Brooke Hatfield

Cheese Gelatin Mold and Disdain: An Exegesis of 1969's "What's Cooking in Chevy Chase?"

“The object of the Woman’s Club of Chevy Chase, founded in 1913, is to promote the welfare of the Community and of the State of Maryland.” The object of “What’s Cooking in Chevy Chase,” the cookbook the club released in 1969, was “to promote civic and economic interest”--but also maybe someone’s husband had stock in almonds, water chestnuts, or paprika, because the women of Chevy Chase were apparently awash in them. 

The community cookbook was and is a fairly typical eleemosynary pursuit (1)—the Woman’s Club’s Building Fund wasn’t going to fill itself! Perhaps early success with a 1964 Easy-See large-print cookbook for “partially sighted” children (2) didn’t prepare the women of the club for the slog that awaited them with this edition. In their foreword, editors Virginia Epperson James and Mary Kathryn Ambler thank “our typists, four Club members and one devoted husband,” as well as “our families whose kind understanding helped us through a busy, often frustrating, but always interesting experience.” I mean, listen guys, I wasn’t there, but it seems to me that “What’s Cooking in Chevy Chase” is CONTEMPT! And far too many dishes containing gelatin!  

I lived near Chevy Chase for a couple years, and aside from a few estate sales and a particularly abrasive trip to the Trader Joe’s where I made peace with never having (loud, precocious, insufferable, Joe Joe’s Cookie-demanding) children, I rarely spent time there and the place never gave much of an impression. My friend Will: “Going to Chevy Chase is sort of like eating a couple slices of wonder bread except with more speed traps.” Will also has a story about the Chevy Chase Trader Joe’s:

In college we used to dumpster dive at Trader Joe’s, and one time my friend who was a hippie fell into the dumpster that Trader Joe's shared with the honey baked ham store next door and got his feet into a leftover honey ham and his already-gross feet smelled like honey ham for the rest of the car ride home.

There are several recipes involving ham in “What’s Cooking in Chevy Chase,” but none of them involve hippie feet. Hippie feet are definitely NOT what’s cooking in Chevy Chase. 

Recipe titles in this book are in all caps, which I will not reproduce here, though CUCUMBER VICHYSSOISE is a terrific expletive. One recipe title is an improbable command—Mock Enchilada—and the name of “Gentleman’s Delight (A Casserole Dish)” reads like an R. Kelly song. (“Maiden’s Delight” contains corn, cheese, chicken soup, and a pound of ham. Guess “Maiden’s Bewildered Colon” was too on the nose?) The chicken and spaghetti casserole includes “a few drops of yellow coloring for better color before baking,” which evokes visions of a creamy pasta dish that smiles down benevolently on us all, giving us vitamin D and potentially gout. 

Chicken Heavenly and Opulent Chicken are both incredibly glamorous and bedaubed by cream of mushroom soup; there are hints of “Mean Girls” in the editor’s note re: Chicken Heavenly--“Flora Weber sent in the same recipe but calls her “Party Chicken.” Stop trying to make “Party Chicken” happen, Flora Weber!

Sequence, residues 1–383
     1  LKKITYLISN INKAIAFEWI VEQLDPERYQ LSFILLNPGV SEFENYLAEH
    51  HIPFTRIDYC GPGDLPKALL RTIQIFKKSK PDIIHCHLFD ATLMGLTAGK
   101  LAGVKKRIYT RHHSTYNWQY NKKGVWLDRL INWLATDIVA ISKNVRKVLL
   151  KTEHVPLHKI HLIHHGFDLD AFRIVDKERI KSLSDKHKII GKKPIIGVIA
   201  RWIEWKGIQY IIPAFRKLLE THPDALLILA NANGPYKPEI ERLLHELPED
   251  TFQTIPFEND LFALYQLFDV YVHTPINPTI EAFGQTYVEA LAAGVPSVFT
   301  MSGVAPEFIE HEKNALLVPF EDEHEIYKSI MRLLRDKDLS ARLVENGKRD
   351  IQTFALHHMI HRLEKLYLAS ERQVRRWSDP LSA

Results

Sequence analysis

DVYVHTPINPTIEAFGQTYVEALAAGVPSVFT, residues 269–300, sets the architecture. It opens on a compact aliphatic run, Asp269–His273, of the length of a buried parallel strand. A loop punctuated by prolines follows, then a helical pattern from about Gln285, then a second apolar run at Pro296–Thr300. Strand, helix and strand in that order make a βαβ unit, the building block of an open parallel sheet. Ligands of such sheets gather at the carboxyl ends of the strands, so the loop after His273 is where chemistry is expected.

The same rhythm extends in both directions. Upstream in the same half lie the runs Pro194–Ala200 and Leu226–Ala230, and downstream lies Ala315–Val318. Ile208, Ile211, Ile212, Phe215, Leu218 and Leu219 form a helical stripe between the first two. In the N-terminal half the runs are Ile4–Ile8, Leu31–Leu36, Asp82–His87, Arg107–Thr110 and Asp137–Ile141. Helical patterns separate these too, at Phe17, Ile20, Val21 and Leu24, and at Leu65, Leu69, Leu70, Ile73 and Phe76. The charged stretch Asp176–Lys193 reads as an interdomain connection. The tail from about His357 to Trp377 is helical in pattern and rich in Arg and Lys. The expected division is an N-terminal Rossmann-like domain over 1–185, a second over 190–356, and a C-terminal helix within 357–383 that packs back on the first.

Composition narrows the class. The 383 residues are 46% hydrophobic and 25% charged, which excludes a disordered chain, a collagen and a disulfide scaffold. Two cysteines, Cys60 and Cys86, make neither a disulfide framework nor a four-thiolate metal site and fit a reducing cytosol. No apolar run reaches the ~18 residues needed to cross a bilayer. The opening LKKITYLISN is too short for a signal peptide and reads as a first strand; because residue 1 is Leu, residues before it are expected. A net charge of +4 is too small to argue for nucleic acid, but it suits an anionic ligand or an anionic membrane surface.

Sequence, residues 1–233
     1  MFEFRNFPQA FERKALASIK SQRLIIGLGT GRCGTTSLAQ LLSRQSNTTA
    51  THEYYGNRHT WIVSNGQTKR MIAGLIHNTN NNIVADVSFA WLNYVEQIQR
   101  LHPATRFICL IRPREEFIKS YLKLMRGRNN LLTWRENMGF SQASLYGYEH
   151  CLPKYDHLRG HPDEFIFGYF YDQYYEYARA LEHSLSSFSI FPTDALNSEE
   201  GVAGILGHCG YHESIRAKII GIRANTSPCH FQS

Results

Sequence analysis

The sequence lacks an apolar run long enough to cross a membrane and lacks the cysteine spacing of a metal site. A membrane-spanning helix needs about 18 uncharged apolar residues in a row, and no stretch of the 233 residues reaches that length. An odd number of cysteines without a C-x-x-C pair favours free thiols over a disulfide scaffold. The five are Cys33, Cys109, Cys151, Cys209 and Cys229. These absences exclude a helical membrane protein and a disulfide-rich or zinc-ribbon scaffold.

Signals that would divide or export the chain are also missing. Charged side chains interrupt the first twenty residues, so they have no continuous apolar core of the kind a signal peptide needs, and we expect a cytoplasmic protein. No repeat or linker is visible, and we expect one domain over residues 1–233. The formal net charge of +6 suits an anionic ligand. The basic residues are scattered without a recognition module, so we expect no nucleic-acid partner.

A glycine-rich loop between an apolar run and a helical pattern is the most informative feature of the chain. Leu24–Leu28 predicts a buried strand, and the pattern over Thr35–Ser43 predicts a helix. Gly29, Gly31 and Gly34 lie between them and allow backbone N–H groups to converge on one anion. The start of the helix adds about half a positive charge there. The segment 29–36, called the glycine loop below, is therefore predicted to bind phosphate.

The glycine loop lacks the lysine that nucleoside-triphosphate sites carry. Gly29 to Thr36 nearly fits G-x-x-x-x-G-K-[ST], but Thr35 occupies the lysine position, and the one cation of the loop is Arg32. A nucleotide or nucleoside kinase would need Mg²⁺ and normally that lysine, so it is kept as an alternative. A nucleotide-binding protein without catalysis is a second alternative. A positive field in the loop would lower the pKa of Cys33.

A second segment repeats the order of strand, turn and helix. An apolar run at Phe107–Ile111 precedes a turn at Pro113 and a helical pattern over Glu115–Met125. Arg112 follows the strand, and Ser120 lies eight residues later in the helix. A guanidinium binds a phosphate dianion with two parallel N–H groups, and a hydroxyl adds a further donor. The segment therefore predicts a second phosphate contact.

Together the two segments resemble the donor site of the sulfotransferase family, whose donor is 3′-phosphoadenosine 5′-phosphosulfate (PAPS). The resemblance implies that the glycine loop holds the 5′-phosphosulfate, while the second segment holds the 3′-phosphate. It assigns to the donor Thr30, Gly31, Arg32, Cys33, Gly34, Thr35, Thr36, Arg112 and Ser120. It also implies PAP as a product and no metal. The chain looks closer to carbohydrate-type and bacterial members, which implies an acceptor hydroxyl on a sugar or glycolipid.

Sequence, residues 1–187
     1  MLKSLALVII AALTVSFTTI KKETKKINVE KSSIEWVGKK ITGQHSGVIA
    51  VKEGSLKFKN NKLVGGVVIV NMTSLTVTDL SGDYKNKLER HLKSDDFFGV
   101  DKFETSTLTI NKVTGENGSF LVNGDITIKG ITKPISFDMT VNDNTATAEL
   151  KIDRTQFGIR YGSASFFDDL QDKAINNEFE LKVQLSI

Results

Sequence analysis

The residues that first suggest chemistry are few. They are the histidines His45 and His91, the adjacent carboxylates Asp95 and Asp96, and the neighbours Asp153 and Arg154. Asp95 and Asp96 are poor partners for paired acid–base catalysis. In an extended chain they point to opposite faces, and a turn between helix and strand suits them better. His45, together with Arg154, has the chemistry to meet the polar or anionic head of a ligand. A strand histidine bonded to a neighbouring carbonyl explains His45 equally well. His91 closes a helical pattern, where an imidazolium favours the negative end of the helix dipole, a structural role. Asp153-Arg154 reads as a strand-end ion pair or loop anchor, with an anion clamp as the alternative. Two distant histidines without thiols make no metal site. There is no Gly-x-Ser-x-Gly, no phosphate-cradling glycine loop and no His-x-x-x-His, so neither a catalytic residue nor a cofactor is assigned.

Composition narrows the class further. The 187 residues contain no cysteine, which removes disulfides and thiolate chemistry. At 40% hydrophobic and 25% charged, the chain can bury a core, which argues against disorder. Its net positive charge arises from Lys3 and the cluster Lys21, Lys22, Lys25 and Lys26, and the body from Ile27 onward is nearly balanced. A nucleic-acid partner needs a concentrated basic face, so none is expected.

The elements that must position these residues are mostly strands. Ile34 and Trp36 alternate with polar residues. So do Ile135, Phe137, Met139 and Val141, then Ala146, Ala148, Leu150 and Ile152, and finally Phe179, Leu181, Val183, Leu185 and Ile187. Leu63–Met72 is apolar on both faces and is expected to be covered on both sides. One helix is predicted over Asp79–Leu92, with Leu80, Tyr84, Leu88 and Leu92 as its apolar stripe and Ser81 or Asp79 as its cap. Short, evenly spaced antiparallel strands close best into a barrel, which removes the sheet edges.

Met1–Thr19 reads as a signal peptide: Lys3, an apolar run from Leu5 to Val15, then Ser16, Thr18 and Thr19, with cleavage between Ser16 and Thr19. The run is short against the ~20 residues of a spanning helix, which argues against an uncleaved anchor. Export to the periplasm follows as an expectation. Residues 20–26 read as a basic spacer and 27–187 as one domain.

The Woman’s Club of Chevy Chase writes, Borg-like, “We know our favorites will become your favorites also.” To be fair, I could eat pounds of Deviled Cherry Tomatoes, which contain deviled ham, cream cheese, and minced onion. “Put a decorate mound of the ham-cheese mixture on each; chill” the recipe suggests, evoking both craftsmanship and “Point Break.” 

But all the decorated mounds of a ham-cheese mixture in the world can’t negate the existence of Quick Tomato Aspic. (As if the amount of time you put into an aspic is the problem!) It’s hard out there for a mid-century cookbook editor, and you can see why it would be “often frustrating, but always interesting” to taste-test Golden Salad, which contains gelatin, mayonnaise, “hard-cooked” eggs, celery, and sweet pickle. Cheese Gelatin Mold contains cream cheese, blue cheese, and a cup of orange juice. Just reading the title for Molded Cottage Cheese and Cucumber Salad makes me angry.

Other Recipes in “What’s Cooking in Chevy Chase” That Make Me Angry, or, Mid-Century Dishes I Would Serve To My Worst Enemy:
Tang-y Beets (Beets+Tang, basically.)
Creamed Celery and Pecans
Grape-Nut Pudding
Jellied Veal Loaf
“My Mother’s Favorite Lima Beans”

In 1976 the Woman’s Club of Chevy Chase released the “Second Serving” of “What’s Cooking in Chevy Chase,” which contained a recipe entitled “How to Preserve a Husband.” “Do not pickle or put in hot water,” it says. “This makes them sour.” And don’t let him put his foot in a honeybaked ham. That way lies madness. Which, presumably, has been cooking in Chevy Chase all along. 

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(1) “What’s Cooking in Chevy Chase” was one of many fundraiser cookbooks printed that year by North American Press of Kansas City, Inc., the “largest publishers devoted exclusively to women’s groups in the United States and Canada.” They printed a cookbook benefitting the Missaukee Fire Department Auxiliary in Lake City, Michigan called “No More Burnt Offerings.”

(2) “WAYS TO MAKE SOUP INTERESTING,” the headline of an excerpted page screams at you. One method? “Frankfurter slices for green pea, creamed chicken, or celery soups.” May your taste buds never live in interesting times!

Brooke Hatfield is a writer and artist who sees aspics as the villains of any cookbook they inhabit. She's working on a project about old cookbooks for 421 Atlanta that will drop (do books drop?) in fall 2015.

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